Maybe. Maybe not. The National Labor Relations Board routinely holds that the law gives employees some leeway for, shall we say, “unprofessional” behavior when engaged in activity that is protected by the National Labor Relations Act. In two different cases, the NLRB has held that the remarks described in the headline of this blog were actually protected activity under the law because the employees who made them were protesting the employer’s approach to certain terms and conditions of employment. These are hardly the only examples of such cases, either. Employers must be aware of the fact that any employee who takes action to try to improve wages, hours or working conditions (and that can include protesting discipline, objecting to new workplace rules and policies, or grousing about a particular manager) may be engaged in protected activity under the labor laws (if the employee can show a connection between his actions and at least one other employee). And that means disciplining the employee for unprofessional behavior may be unlawful.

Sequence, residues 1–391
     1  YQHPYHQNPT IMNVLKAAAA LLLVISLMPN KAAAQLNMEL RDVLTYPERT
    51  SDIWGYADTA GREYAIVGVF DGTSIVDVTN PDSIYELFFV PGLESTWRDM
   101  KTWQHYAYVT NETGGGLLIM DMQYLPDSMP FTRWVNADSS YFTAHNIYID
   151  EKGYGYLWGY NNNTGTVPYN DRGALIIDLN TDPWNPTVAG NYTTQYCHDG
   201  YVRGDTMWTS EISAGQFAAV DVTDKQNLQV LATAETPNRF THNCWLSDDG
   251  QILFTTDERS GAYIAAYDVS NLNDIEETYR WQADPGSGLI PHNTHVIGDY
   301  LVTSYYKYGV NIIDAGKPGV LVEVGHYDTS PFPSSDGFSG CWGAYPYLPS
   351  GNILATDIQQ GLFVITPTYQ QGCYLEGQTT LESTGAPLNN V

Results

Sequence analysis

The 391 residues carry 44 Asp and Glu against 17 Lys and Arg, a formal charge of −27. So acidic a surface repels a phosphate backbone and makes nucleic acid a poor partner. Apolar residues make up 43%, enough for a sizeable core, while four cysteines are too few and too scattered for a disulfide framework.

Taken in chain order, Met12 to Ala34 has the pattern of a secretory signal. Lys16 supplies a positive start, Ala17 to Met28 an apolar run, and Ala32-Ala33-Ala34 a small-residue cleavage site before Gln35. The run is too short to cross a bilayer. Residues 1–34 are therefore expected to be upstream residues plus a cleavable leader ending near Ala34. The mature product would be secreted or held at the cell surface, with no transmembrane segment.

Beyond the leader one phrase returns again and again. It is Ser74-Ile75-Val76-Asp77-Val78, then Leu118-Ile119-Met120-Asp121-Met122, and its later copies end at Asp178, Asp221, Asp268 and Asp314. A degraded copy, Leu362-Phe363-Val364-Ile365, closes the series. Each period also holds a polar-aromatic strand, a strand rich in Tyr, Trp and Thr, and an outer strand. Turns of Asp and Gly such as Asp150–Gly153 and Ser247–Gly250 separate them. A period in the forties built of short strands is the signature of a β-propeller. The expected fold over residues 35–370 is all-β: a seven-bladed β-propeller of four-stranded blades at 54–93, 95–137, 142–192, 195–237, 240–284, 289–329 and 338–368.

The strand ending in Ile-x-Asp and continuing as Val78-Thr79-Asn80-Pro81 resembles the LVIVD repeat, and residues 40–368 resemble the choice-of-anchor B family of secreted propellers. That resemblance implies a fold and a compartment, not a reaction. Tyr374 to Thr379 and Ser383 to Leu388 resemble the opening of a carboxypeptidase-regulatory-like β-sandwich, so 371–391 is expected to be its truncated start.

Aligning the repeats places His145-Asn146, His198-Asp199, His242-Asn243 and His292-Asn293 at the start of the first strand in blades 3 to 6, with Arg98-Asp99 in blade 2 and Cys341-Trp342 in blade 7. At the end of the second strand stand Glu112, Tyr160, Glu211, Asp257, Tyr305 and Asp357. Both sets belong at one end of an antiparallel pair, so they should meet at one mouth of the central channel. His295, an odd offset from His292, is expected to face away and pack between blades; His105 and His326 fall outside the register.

This is just one way the labor laws can sneak up on the unwary manager or human resources professional. Whether it’s the NLRB’s position on handbook policies, social media, workplace investigations, access to company property, or many similar items, the labor laws can serve as a trap for employers in unionized and non-union workplaces alike. One of the best ways to avoid this trap is to provide education for your human resources professionals and other management team members on some of the more sneaky elements of the labor laws. Seyfarth lawyers routinely provide a one-hour training course on these subjects (“The Impact of Labor Laws on Union and Non-Union Workplaces”), and yes, we have grown accustomed to the crowd calling us “Stupid Morons” (and worse!) when we describe how the labor laws can sometimes impede what otherwise would seem like logical and prudent management actions.